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5 Year or 10 Year Mortgage - Which is right for you?

There is always a great deal of speculation about the future of mortgage interest rates. Where are they headed? How soon will rates start to rise? How can I protect myself from interest rate hikes that may compromise my ability to continue to own my home?

For the past 20 years mortgage rates have been falling and as a consequence, it has always been more advantageous to go with a variable rate mortgage. However, with rates at historic lows and expected to rise in the future the ground rules have changed.Mortgage debates are no longer focusing on whether to consider a fixed or variable mortgage but how long to lock in for. Five year rates are offered for as low as 2.79% versus the 10 year which are offered as low as 3.79%.

Unless you are planning on being mortgage free within the next 10 years it’s pretty much a no-brainer. With rates set to head substantially higher within the next 5 years, locking in to the 10 year rate may be a prudent thing to do as long as the mortgage is – and this is critical - both transferable and assumable.

Transferrable means if you move to another property you can transfer that same 10 year mortgage to the new property. Assumable means the mortgage can be assumed by the new buyer of your house if you no longer need the mortgage. Therefore if rates are higher at the time of sale of your house, you can offer it to the buyer to assume which would give you a huge marketing advantage over other houses on the market.

The 10 year rate buys peace of mind as you know your fixed cost for 10 years which is a very long time. Think back to where you were in life – family, financial, economic – and consider how much things have changed during the past ten years.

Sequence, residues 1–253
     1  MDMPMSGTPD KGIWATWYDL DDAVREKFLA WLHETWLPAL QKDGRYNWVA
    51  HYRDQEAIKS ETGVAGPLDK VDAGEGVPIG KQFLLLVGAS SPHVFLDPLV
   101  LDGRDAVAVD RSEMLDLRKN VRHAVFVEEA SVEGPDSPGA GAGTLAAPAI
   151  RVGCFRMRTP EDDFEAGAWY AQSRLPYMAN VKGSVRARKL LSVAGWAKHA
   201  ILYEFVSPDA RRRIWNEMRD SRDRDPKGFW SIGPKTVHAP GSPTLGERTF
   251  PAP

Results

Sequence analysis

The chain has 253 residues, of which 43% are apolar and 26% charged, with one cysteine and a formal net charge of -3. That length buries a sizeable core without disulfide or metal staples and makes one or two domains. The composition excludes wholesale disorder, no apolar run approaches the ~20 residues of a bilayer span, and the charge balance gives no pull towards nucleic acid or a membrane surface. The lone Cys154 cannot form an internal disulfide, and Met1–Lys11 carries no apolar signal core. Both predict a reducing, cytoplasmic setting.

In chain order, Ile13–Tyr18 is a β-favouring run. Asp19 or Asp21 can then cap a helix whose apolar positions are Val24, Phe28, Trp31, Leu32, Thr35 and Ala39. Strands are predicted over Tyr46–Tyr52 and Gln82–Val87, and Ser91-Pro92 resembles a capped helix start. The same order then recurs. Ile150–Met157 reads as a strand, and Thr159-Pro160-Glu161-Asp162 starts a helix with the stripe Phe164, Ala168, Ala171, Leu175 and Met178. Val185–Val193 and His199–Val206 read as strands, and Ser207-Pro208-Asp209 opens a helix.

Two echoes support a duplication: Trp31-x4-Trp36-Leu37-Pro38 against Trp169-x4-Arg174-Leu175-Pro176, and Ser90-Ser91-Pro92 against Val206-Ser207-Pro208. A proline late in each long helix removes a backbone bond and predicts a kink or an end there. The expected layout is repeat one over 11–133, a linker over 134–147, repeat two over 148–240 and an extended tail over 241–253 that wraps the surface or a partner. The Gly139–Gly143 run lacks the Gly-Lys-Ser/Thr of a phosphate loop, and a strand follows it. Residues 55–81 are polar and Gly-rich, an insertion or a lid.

One more important benefit is that if you need to discharge your mortgage after 5 years, under Canadian law any mortgage with a term longer than 5 years, financial institutions can only charge you 3 months interest to break your mortgage. This penalty could be much lower than even the interest rate differential on shorter term mortgages which could end up costing many thousands of dollars more.

In addition, if you are coming off a higher rate mortgage and you are comfortable paying that amount, consider continuing to pay at that same rate even after renewal at today’s lower rates. This will have significant impact on the outstanding principle over the 10 year term of the new mortgage. In addition, consider switching your payments to weekly or bi-weekly instead of monthly. It won’t cost any more than you are already paying but there will be a major impact on the amount of mortgage outstanding at the end of the term.


Need more information? Give Sutton Group a call today!
Mississauga Office: 905-896-3333

Posted: Monday, September 23, 2013 1:32 PM by Sutton Realty


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